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Voices from Hong Kong: Inside a Chinese city's fight for democracy

Sunday Journal: The origin of Hong Kong protests

Hong Kong — Monday marked the end of the third straight month in Hong Kong's "summer of protest." Over the weekend, thousands of people hit the streets again — this time parading American flags and singing the U.S. National Anthem in the hope of getting Washington's attention.

Many Hong Kongers want the U.S. Congress to take up and pass the "Hong Kong Human Rights and Democracy Act," which would punish officials in Hong Kong and mainland China if they suppress liberties and freedoms in the semi-autonomous Chinese city.

The Asian financial hub, known for its stability and growth into an economic miracle during the past half-decade, has been in the throes of the worst chaos and violence it's seen in modern memory. A controversial China extradition bill first lit the match of anger that has exploded into million-person marches, and the "five demands" made by the pro-democracy movement.

Hong Kong protesters wave American flags asking for help

Hong Kong's deeply unpopular chief executive Carrie Lam has announced the official withdrawal of that despised bill, but protesters still seethe. Four demands remain: an independent probe into police brutality, amnesty for all anti-government protesters arrested, the retraction of the word "rioters" to describe such protesters and the resignation of Lam herself to pave the way for universal suffrage; one person, one vote to elect the next Hong Kong leader. Right now, only Beijing has the power to choose that person.

CBS News has been covering the protests since the beginning. Below is a sample of the voices from the Hong Kong protests, including people from both sides of the narrative.


Protest leader Bonnie Leung  

Bonnie Leung is vice chair of the Civil Human Rights Front, one of the lead organizers of the peaceful marches underway in Hong Kong. She's been in the streets since early June, and tells CBS News why even with the extradition bill off the table, she and many others feel they "cannot leave the movement here."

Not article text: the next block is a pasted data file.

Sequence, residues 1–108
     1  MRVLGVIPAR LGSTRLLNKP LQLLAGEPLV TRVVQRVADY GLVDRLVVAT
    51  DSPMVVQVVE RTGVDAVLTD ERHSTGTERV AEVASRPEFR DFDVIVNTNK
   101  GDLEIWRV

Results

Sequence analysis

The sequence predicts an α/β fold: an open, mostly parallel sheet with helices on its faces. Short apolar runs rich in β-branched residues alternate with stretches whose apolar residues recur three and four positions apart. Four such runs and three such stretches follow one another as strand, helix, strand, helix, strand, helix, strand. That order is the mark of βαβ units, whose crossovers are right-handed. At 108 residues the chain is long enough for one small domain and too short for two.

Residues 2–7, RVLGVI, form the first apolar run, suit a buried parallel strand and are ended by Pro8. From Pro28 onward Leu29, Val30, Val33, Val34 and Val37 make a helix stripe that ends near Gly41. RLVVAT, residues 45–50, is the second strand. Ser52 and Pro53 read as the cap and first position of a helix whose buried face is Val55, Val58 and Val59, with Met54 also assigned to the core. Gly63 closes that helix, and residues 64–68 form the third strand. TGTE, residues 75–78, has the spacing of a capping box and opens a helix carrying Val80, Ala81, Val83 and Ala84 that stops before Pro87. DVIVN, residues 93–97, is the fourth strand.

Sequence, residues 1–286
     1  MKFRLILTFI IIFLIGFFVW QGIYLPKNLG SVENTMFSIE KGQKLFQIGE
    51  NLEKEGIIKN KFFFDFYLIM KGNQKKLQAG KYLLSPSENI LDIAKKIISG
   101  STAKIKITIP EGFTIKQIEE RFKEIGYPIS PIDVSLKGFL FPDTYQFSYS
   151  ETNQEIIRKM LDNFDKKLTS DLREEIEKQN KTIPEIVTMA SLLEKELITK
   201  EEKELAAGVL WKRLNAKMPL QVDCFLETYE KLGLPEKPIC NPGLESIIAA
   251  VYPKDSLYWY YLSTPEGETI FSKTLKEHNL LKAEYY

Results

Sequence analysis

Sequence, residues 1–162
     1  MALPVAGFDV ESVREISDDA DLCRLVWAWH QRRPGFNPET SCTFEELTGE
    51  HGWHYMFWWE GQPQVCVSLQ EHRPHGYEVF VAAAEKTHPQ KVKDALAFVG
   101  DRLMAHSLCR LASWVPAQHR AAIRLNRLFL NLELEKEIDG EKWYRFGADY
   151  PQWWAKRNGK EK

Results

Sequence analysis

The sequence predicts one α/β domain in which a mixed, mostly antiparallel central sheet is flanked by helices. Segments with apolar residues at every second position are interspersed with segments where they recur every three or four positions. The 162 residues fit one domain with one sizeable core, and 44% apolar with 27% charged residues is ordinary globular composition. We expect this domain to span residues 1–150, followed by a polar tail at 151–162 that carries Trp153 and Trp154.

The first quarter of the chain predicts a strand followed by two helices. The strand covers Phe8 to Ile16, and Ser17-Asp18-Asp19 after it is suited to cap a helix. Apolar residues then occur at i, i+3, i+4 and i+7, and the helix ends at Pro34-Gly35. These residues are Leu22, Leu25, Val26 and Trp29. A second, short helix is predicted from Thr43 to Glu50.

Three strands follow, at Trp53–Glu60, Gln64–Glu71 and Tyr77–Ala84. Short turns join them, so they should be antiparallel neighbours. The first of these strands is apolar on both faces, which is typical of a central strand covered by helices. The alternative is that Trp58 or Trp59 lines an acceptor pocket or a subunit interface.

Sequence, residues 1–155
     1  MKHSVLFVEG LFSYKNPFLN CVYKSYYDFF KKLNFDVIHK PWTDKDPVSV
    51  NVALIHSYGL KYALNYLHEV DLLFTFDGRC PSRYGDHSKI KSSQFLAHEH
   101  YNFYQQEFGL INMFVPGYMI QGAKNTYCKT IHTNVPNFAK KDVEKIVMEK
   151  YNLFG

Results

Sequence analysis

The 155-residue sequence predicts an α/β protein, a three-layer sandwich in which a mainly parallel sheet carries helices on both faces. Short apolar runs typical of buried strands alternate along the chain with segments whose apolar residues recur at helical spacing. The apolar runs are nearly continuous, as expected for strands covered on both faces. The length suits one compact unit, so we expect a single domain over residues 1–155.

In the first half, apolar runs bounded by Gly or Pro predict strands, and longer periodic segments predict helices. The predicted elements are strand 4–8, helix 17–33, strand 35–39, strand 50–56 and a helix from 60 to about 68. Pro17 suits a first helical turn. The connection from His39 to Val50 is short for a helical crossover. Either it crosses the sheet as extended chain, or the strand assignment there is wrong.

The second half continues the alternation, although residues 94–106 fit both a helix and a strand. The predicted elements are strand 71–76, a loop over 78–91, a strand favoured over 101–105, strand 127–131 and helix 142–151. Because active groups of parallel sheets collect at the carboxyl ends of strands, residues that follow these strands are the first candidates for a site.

Voices from Hong Kong: Activist Bonnie Leung


Legislator Claudia Mo

As a journalist, Claudia Mo covered the 1989 Tiananmen Square massacre in Beijing. Since then she has become a popularly elected member of Hong Kong's legislature, and she backs the protests. She says she sees Beijing slowly eroding the freedoms the city has enjoyed, but is determined to "find hope."

Voices from Hong Kong: Lawmaker Caudia Mo


Businessman Jimmy Lai

Jimmy Lai is a Hong Kong entrepreneur and owner of one of the territory's largest media companies. Unlike many of the business leaders in Hong Kong, however, the media tycoon backs the anti-government protests. Asked why, he responds with another question: "What use is money if you don't have freedom?"

Voices from Hong Kong: Businessman Jimmy Lai


Cabinet member Regina Ip  

Regina Ip is a popularly-elected, pro-Beijing legislator and member of Chief Executive Carrie Lam's cabinet. She says Beijing recognizes the need for "different systems of values and ideas" to coexist, but in the end she suggests the "American dream" may not be a realistic objective in China.

Voices from Hong Kong: Cabinet member Regina Ip


Constitutional lawyer Martin Lee

Martin Lee is a constitutional lawyer and was instrumental in drafting the so-called Basic Law of Hong Kong that established the "one country, two systems" framework. He is now a supporter of the pro-democracy movement in the Chinese territory. 

Voices from Hong Kong: Lawyer Martin Lee

CBSNews.com's Tucker Reals in London contributed to this report.

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